W. M. Stokes, farmer, was born in North Carolina May 31, 1829, the son of Thomas J. and Louisa (Donnelly) Stokes. The father was born in North Carolina in 1799, the son of Montford Stokes, who was for two terms the governor of North Carolina. The latter was a soldier of the Revolution, and was appointed Indian agent by President Jackson. M. S., his son, was a major in the Mexican war, and a colonel in the Confederate Army, and fell before Richmond, Va. Thomas, the father, came to Carter County about 1830, came by Lee County, Va., on his way to Campbell, and remained a year, and then came to Campbell County. At Jacksboro he kept a hotel, taught school, and served in various county offices as deputy. The mother, born in Wilkes County, N. C., in 1809, is the daughter of Richard Donnelly, who came to Carter County about 1800. She lives with her son. Our subject is a lineal descendant of Col. Hugh Montgomery, one of first settlers of Campbell County, and who donated the site of Jacksboro, for the city. After his early farm and school life, our subject began his long career of thirty-five years as a teacher, in 1848, and has now taught more schools than any man in the county, and in the list of his pupils are the father, son and grandson in a certain family. In October, 1863, he enlisted in Company B, Eighty-second, E. M. M. of Missouri, as first lieutenant. He served two years as county school examiner, and, in 1878, was elected superintendent of public instruction for a similar time. June 13, 1858, L. P. Jacks, of Platte County, Mo., became his wife. Her four children are E. Montford Stokes, born June 4, 1861; Mary Louisa Stokes, born July 18, 1868; Leanner Bella Stokes, born August 15, 1866; Rachel Adelaide Stokes, born September 17, 1868. The latter two died in infancy. E. M. and Mary Louisa survives, and are now engaged in teaching. Mr. Stokes is now editor of the Valley Sentinel, published at Jacksboro, Tenn. Our subject taught school the greater part of fourteen years in Platte County, Mo.

       M. D. Wheeler, farmer, was born in Campbell County April 6, 1837, the son of R. D. and Charlotte (Bridgeman) Wheeler, who are mentioned in the sketch of R. D. Wheeler, Jr. Our subject grew up accustomed to the advantages and disadvantages of rural life, and served as a Federal soldier throughout the war. He then returned to his native place, and married Sarah Hunter of Campbell County. James D. and Anna B. are their only children. His wife died July 29, 1868, and September 23, 1875, he married Emma J. Hoss, a daughter of Landon C. Hoss, of Knox County. Robert L., J. H. and Richard R. have been born to them. Mr. Wheeler now owns and cultivates 360 acres, and is also engaged in stock dealing. He is a gauger and store-keeper for the Government at Distillery No. 337, owned by F. Wilson. He is a member of the Methodist Episcopal Church South, a Master mason and K. of H.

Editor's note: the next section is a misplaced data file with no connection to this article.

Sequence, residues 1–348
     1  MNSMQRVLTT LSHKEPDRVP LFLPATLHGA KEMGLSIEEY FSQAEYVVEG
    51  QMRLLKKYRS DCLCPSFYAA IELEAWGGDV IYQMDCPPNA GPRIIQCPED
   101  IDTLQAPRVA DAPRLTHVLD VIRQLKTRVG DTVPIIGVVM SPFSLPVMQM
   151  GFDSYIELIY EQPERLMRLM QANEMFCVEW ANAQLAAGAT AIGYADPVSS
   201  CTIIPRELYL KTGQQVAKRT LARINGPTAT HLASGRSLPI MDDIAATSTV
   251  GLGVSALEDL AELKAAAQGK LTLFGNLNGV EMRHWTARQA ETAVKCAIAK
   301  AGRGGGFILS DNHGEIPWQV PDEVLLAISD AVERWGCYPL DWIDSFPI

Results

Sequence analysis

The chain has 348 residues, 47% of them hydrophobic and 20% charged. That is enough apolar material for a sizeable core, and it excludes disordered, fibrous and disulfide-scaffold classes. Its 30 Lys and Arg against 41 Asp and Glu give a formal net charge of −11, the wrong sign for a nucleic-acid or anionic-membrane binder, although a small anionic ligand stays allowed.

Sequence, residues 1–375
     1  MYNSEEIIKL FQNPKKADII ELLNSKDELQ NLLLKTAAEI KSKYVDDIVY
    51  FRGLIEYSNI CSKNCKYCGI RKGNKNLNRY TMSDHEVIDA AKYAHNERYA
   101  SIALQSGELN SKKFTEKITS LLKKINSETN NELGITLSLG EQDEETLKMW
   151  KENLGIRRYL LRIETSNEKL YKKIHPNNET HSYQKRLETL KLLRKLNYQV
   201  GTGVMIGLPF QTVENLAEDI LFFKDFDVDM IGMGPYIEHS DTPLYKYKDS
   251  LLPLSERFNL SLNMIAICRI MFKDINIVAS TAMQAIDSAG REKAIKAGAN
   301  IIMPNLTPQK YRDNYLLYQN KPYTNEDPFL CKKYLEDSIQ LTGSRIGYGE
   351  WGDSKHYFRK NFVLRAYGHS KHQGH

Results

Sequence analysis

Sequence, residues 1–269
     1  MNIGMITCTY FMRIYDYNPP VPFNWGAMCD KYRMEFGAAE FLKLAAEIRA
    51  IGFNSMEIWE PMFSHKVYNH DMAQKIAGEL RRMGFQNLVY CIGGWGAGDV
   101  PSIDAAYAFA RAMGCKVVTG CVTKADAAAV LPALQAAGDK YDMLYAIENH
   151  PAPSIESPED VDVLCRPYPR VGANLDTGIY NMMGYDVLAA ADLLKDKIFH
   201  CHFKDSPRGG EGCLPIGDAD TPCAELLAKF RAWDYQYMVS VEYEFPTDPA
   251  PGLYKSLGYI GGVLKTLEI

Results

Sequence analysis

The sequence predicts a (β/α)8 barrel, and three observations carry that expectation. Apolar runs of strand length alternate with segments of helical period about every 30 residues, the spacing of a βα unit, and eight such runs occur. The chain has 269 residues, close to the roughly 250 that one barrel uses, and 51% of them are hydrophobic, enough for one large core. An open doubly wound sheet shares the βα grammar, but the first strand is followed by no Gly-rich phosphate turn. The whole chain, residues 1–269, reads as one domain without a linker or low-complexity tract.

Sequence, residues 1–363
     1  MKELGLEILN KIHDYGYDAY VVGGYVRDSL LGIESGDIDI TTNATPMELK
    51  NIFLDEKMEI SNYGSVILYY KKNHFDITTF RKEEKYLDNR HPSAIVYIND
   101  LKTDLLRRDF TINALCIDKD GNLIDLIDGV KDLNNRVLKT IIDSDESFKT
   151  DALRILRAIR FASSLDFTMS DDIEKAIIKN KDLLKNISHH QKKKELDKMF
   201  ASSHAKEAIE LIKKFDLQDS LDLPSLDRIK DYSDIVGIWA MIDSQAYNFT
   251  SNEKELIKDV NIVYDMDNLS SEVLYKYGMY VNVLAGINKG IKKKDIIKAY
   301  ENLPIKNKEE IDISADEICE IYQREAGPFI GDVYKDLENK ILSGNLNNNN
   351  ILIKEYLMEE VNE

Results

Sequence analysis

E. F. Wheeler was born at Caryville, Tenn., April 21, 1840, and is the son of R. D. and Charlotte (Bridgeman) Wheeler. The father was born April 1, 1801, in Virginia, and was the son of Benjamin C. Wheeler, who removed to Knox County when the son was about six years of age. He removed to Campbell County and settled near Caryville in about 1812, being one of the first settlers of the county. Our subject’s father was a farmer, and an influential citizen. He represented his county in the State Legislature a number of years, and died in March, 1875. The mother was born in Virginia in about 1805, and is the daughter of William Bridgeman. Our subject was reared on the farm, and acquired his education in the neighboring school and at Jacksboro. He followed farming until the breaking out of the late war, and in 1862 enlisted in Company A, First Federal Regiment Tennessee Infantry, commanded by Col. Robert Bird. He served throughout the war, and was mustered out of service at Nashville in 1865. He then returned to Campbell County, and has since followed farming, and is one of the largest farmers of the Fourth Civil District, owning and cultivating a farm of over 300 acres one mile east of Jacksboro. He was married in October, 1876 to Anna J. Sharp, who was born in Campbell County, Tenn., in November, 1854, and is the daughter of Henry Sharp. To this union two children have been born, one of whom -- Ada -- is living. She was born September 4, 1884. Our subject’s wife is a member of the Methodist Church South.

       R. D. Wheeler, Jr., was born in Campbell County, Tenn., August 30, 1846, and he is the son of R. D. and Charlotte (Bridgeman) Wheeler. The father was a native of Virginia, and was born April 1, 1801, and died n Campbell County, March 19, 1875. The mother was born in Wythe County, Va., September 23, 1807, and is in a hale old age, living with our subject (1887). These parents were married August 31, 1826, and to their marriage were born ten sons and four daughters, our subject being the twelfth child, and eighth son. Of these children, seven live (1887)-- six sons and one daughter, all married, and have families. The father was a prominent citizen of Tennessee, and served seven terms in the Lower House of the Tennessee Legislature, and early in life served his county as its sheriff. He was a man of liberal and broad views, and was a man who assisted many charitable institutions. He commenced his life pursuits without capital, but by integrity and perseverance he scaled the height of want of a capital, and became one of the wealthiest men of his county, before his death. It is to his credit that, though he, at the outbreak of the civil war, owned more than a 1,000 acres of land, he tilled, not by slave labor, but by free labor. He was a man who favored education, and accomplished, giving all his children a good education. Our subject was reared to farming and has devoted most of his life to farming and stock raising. He now owns and cultivates a farm of more than 200 acres of land in his district. He has served his county, as sheriff, two term. September 29, 1880, he was united in marriage with Miss Lucy Sharp. To this marriage has been born one child, a son, named Charles Alexander, born Mary 16, 1881. Our subject is a member of the Methodist Episcopal Church South, and is a Master Mason.